California’s New Green Building Code

January 24th, 2011

California has been leading in the areas of energy efficiency, energy conservation and environmental protection. Striving to implement improved codes and standards in support of this effort, the state approved a new eco-friendly green building code in 2010. The so-called “CALGreen” is the first state-adopted green code; it will go into effect this month.

Together with changes proposed by other organizations, an increase of up to 30 percent in efficiency is expected for commercial buildings – a major improvement when compared to today’s standards. The new building regulations and standards are part of the green movement that encourages recycling of building materials and waste, water conservation, and a reduction in greenhouse-gas emissions.


CALGreen regulations effective on January 1, 2011, require all projects submitted on or after that date to comply with the new codes. In addition many municipalities are planning to or already have implemented local amendments to this new code.

What Are Some Of The Code Changes?

The new green building code prescribes eco-friendly requirements for newly constructed buildings. The code itself is divided into three parts with mandatory measures that all projects must comply with and voluntary measures, that are grouped into two tiers. In addition to the mandatory measures, local jurisdictions can adopt these voluntary measures to make their local codes more or less stringent.

CALGreen regulations set forth

  • Builders to install plumbing that cuts indoor water use by as much as 20 percent
    (CALGreen Section: 5.303.4 Wastewater reduction)
  • To divert 50 percent of non-hazardous construction waste from landfills to recycling
    (CALGreen Section: 5.408.3 Construction waste reduction)
  • To use low-pollutant paints, carpets, and floors
    (CALGreen Section: 5.504.4 Finish material pollutant control)
  • Mandating inspection of energy systems in non-residential buildings over 10,000 square feet to ensure that heaters, air conditioners, and other mechanical equipment are working at maximum efficiency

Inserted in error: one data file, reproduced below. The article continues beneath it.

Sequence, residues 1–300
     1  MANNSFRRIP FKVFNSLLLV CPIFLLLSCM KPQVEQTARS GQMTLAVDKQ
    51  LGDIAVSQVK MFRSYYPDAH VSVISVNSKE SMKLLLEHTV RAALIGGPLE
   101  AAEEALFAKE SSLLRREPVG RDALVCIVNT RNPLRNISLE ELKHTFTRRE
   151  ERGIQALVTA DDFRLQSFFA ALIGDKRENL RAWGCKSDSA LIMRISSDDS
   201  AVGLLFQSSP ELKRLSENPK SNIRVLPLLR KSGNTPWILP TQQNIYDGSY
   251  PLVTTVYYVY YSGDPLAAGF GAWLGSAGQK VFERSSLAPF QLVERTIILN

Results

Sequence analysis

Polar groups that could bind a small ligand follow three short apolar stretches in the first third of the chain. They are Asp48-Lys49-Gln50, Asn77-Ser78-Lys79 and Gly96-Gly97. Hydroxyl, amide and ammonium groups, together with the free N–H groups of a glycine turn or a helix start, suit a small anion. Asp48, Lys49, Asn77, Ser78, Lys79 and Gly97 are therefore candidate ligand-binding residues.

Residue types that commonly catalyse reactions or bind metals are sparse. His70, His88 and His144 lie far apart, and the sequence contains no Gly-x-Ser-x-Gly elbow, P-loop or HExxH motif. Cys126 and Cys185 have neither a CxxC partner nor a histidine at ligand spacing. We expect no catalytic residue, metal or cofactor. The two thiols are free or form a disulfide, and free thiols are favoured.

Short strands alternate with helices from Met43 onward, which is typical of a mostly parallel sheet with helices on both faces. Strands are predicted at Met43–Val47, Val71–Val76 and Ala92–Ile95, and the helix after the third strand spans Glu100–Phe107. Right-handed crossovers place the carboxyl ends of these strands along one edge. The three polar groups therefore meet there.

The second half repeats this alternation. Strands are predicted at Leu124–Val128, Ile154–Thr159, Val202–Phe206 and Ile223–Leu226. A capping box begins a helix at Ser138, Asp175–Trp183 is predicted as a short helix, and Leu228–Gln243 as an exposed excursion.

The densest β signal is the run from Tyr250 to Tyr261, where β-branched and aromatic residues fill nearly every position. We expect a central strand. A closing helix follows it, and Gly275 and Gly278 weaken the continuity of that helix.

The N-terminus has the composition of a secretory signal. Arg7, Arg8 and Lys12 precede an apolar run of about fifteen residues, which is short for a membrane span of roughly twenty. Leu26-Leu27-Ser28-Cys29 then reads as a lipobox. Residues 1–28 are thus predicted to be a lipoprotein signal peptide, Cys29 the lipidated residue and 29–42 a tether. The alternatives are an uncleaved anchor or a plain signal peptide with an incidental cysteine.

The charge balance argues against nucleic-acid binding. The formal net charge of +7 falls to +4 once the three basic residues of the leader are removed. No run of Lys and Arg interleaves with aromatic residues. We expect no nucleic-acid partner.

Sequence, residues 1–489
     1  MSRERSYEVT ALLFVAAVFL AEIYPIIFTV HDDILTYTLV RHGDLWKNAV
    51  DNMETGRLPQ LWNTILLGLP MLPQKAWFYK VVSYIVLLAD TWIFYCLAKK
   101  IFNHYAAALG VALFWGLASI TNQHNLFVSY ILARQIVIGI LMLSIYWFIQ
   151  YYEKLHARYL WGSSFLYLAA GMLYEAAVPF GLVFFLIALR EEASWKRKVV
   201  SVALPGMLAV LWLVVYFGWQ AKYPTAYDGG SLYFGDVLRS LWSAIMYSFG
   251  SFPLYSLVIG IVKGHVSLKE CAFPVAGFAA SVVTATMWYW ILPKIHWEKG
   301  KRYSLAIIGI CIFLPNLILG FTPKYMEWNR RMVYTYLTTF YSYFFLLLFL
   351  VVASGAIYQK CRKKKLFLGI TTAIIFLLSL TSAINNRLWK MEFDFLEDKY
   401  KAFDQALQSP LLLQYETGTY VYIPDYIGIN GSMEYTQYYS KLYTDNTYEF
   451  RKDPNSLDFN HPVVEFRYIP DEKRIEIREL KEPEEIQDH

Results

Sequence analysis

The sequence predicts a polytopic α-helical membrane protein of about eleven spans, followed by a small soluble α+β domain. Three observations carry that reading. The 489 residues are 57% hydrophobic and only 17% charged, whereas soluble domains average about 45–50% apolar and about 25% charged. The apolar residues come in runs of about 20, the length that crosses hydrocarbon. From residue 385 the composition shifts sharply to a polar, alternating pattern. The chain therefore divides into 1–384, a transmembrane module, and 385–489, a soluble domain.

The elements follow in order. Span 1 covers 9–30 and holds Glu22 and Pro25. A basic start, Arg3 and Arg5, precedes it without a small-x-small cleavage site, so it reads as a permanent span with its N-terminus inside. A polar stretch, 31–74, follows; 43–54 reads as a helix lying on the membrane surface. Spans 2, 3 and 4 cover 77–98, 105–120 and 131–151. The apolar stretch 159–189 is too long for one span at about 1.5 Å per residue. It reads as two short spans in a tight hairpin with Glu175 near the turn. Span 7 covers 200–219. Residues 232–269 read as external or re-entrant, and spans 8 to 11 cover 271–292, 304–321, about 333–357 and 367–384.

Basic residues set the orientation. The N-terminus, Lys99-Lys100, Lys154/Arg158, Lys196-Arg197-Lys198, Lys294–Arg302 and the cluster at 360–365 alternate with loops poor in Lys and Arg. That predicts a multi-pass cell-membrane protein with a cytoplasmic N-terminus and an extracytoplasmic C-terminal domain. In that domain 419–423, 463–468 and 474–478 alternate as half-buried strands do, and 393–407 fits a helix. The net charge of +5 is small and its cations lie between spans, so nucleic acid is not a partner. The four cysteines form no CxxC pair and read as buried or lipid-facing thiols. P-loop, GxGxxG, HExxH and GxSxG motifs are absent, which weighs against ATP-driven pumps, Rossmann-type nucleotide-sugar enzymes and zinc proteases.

• Mandating installation of water meters for different uses in non-residential buildings
  • Allowing local jurisdictions to retain stricter green building standards, either already existing ones or in adopting stricter versions of the state code

CALGreen versus LEED

The California green building code seems to directly compete with the standards defined in LEED, (Leadership in Energy and Environmental Design, published by the nonprofit U.S. Green Building Council, USGBC). Not necessarily, some argue that the difference between “CALGreen” and “LEED” is that the latter is a rating system to assess the eco-performance of a building, whereas the Green Building Code of California is a mandatory standard that new buildings will have to comply to.

However, there will be a “CALGreen” label available that certifies compliance to CALGreen code, as there will be the well-known LEED labels (basic, silver, gold, platinum). Environmentalists have opposed the CALGreen label as it may compete against the stricter LEED standards, which they expect to cause confusion in the market.

In fact several organizations including the Sierra Club, the Natural Resources Defense Council and Global Green, the Green Building Council have called the adoption of the new codes “a setback for California’s leadership on green building.” Yet they agree that the new codes’ mandatory rules represent a baseline minimum standard.

The New Path Of Green Codes

California’s green building code, CALGreen, has been modeled after the International Green Construction Code (IGCC), which was published in 2010 by the ICC (International Code Council). The IGCC was developed through a collaboration of ICC, USGBC, and ASHRAE (American Society of Heating Refrigeration and Air-Conditioning Engineers). All three groups consider LEED levels to go above and beyond in many cases what the IGCC is prescribing, and therefore they do not see any conflicts.

Without a doubt, the new green building codes may impose additional burdens and requirements on building owners, which are not currently imposed. In particular the adoption of new eco-friendly technology, such as solar panels, wind turbines, industrial fuel cells to enable energy independence, batteries used to store energy from renewable energy sources, application and use of gray water, energy efficient air conditioning systems, and others will certainly impact fire codes and present potential for additional burdens to property owners.

But like in any emerging field of building design and construction, engineers, architects, regulators, and building owners will work together to further performances with respect to economic efficiencies, environmental protection and public safety. The International Code Council (ICC) has already released Public Version 2.0 of the International Green Construction Code (IGCC). The document is available as a free download at

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